Asia is a second grader on a mission. Living in the Dasht Sar Lola village of Badakhshan, Asia has faced tremendous obstacles in her journey towards education, but she has also discovered the satisfaction of learning and personal achievement. After achieving the highest marks in her first grade class, Asia is determined to see continued success in second grade.
Asia attends a Community-Based Education (CBE) class that was established by WADAN under the CAI-funded Afghan Girls Education (AGE) project in April 2022. CBE classrooms operate in community buildings as a way of providing education in remote areas that is close to home. Larger formal schools are often too far and too difficult to access for the youngest children, making CBE an invaluable initiative in these remote areas.
An Uncertain Journey
Despite her present success, Asia’s story wasn’t always a happy one. Born into extreme poverty, her parents were distraught to see their child, in their words, “wandering the streets.” Struggling to cover the basics, they knew they wouldn’t be able to transport her to the distant formal school and cover any fees needed for school supplies.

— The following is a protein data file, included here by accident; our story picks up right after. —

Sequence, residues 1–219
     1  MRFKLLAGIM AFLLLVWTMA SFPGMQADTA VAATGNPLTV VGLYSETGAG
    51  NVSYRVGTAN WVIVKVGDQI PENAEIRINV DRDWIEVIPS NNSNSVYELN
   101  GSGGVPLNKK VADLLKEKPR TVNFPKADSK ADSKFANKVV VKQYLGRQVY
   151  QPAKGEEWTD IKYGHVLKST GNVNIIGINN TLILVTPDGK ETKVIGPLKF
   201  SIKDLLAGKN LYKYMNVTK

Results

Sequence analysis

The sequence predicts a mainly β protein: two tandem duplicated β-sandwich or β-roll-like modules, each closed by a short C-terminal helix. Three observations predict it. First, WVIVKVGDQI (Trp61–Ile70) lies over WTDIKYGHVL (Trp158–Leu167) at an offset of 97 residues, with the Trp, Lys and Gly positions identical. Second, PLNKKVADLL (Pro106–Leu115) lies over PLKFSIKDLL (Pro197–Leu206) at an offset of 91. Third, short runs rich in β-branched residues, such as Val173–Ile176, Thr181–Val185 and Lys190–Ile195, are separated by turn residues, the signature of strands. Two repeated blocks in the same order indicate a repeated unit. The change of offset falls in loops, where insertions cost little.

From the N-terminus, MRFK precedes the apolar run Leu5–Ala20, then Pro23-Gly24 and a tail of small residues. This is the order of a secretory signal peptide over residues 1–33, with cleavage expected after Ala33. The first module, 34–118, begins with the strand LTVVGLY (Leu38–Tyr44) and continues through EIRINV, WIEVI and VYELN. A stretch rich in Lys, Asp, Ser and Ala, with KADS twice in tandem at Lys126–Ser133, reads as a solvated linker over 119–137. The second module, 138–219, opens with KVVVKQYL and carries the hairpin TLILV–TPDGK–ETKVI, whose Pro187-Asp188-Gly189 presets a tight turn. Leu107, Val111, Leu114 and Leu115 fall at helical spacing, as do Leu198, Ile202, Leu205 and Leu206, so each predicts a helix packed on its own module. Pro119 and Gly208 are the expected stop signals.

When the CBE classroom opened in their community, a weight lifted off their shoulders and they began to see a brighter future ahead for Asia. Although merely attending school was a success, her parents were astounded to see her outstanding performance.
A Leader in the Making
Asia was recently recognized in her District as one of the top students of her grade, amongst 92 classes under the AGE project in Badakhshan.
“I felt very happy when my teacher and [the community mobilizers] congratulated me and my classmates cheered me for getting the top position in my class. I became more excited about my future” Asia said.
Asia took to school quickly. During first grade, she learned basic mathematics, reading, and writing skills and especially enjoyed her lessons on geography, painting and drawing. She actively took part in the class with joy and interest.
Her teacher, Gul Beigum said, “Sometimes she was teaching her classmates and attended group activities in an active manner. She did her homework on a regular basis, and I often saw her studying during break times. I am proud to see my student get the first position throughout Badakhshan under the AGE project.”